As we begin November, it is time for the dahlia grower to begin lifting and dividing their dahlia clumps. In a “normal” year, the November program at the Lane County Dahlia Society meeting would focus on this important task, with live demonstrations. Because of COVID restrictions however, we will not be able to hold our November meeting. Instead, we hope the following instructions will help you successfully complete this task.
1. The first step involves cutting down the dahlia stalk of each plant. Be sure that you have every plant correctly identified and labeled first. Then simply cut off the stalk 3-6” above the ground. This task is best done a few days before you wish to lift the clumps. This will allow the eyes on the tuber crown to swell, which in turn will make dividing the tubers much easier.
2. To lift the clumps, dig on all four sides of the clump, about a foot out from the stem. When the fours sides have loosened, carefully push the shovel under the clump and gently lift. Once the clump has been lifted, use a garden hose to remove most of the soil.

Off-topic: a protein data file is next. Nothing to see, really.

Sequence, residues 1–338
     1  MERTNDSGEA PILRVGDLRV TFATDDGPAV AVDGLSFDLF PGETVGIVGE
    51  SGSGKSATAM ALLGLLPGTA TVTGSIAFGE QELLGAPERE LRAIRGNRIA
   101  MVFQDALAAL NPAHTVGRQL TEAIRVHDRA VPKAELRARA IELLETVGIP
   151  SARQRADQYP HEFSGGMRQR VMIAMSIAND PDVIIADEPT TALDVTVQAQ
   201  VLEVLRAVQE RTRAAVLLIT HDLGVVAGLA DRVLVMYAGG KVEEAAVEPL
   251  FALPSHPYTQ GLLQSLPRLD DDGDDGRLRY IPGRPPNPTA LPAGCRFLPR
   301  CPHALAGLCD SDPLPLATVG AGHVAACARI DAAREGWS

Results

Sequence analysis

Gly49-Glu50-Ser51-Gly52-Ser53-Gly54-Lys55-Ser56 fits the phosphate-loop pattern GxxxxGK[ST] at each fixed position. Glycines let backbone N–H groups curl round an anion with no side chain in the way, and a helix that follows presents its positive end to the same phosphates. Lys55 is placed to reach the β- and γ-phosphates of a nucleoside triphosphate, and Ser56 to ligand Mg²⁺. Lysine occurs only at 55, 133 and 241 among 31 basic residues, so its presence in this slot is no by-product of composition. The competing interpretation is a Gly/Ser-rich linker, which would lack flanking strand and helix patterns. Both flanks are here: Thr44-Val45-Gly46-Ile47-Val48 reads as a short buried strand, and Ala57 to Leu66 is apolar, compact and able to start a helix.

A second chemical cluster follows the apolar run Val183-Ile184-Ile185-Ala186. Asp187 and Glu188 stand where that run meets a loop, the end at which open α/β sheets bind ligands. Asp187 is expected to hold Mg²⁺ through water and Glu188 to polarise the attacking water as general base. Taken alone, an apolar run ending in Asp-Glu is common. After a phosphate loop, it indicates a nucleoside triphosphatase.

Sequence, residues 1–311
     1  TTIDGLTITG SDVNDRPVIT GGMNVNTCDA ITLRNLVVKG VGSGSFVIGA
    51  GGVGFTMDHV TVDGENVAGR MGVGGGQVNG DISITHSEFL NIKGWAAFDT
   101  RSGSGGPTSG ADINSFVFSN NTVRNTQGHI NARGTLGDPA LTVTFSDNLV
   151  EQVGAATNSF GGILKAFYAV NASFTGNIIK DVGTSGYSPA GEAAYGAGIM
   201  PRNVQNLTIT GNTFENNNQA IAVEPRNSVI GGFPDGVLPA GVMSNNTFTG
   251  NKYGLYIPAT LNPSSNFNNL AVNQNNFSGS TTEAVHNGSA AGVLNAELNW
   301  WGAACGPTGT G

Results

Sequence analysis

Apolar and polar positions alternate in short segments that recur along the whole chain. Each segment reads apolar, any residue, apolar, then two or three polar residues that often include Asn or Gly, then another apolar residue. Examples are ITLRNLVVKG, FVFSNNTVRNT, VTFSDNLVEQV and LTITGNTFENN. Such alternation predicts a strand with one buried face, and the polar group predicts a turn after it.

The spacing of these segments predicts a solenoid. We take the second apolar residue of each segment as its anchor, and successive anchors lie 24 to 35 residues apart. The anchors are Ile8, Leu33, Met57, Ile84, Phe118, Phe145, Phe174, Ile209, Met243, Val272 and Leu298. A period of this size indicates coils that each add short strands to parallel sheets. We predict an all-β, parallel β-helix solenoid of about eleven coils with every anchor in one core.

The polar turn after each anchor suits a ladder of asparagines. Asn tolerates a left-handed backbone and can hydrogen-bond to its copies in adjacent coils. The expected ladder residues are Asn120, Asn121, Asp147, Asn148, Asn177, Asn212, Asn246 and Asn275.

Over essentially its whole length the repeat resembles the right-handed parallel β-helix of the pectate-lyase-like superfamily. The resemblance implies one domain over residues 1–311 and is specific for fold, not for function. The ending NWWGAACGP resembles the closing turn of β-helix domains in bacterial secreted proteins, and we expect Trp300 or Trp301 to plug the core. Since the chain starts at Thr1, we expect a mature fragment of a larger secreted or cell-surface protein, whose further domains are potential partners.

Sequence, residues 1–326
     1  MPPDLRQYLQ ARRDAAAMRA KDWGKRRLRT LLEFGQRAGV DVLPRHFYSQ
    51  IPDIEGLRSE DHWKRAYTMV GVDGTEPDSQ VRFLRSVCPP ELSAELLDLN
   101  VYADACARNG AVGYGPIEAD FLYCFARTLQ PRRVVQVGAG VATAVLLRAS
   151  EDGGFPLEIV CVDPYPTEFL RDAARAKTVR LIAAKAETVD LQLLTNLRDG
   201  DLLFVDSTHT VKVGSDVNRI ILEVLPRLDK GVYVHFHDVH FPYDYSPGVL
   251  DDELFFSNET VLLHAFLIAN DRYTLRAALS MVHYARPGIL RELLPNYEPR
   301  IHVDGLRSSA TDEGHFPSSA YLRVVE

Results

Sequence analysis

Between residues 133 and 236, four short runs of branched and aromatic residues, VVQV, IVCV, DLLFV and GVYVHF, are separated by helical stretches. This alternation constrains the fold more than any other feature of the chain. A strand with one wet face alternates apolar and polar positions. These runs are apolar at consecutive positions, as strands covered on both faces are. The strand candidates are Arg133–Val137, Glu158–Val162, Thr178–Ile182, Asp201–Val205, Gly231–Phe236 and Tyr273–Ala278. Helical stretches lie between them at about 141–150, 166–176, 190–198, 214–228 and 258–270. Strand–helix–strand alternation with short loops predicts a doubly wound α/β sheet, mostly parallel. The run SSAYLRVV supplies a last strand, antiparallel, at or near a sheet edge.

3. Sterilize your tools before you begin dividing. A solution of one part bleach to ten parts water is a very low-cost answer that kills the dahlia virus. Then cut off the remaining stalk. Look for the eyes near the crown and begin dividing. Each individual tuber must have an eye to grow the following year. After you cut off each individual tuber, remove any remailing soil.
4. After dividing and cleaning the individual tubers, many growers let the tuber soak in a bleach solution for 5-10 minutes. Then label each tuber with the variety name and let them fully dry.
5. After the individual tubers have dried, they are ready to be stored. There are several different storage methods, including wrapping the tubers in saran wrap or storing them in individual plastic boxes, filled with vermiculite or cedar shavings. No matter which method you choose, be sure once again that your tubers are clearly labeled.
6. The last step is to house your carefully stored tubers in a location that is no warmer that 50 degrees but also will not dip below freezing all winter. Then you can sit back and enjoy the restful days of Winter.
· For more in-depth instruction, we recommend visiting the American Dahlia Society web page at Digging, Dividing, and Storing Tubers – The American Dahlia Society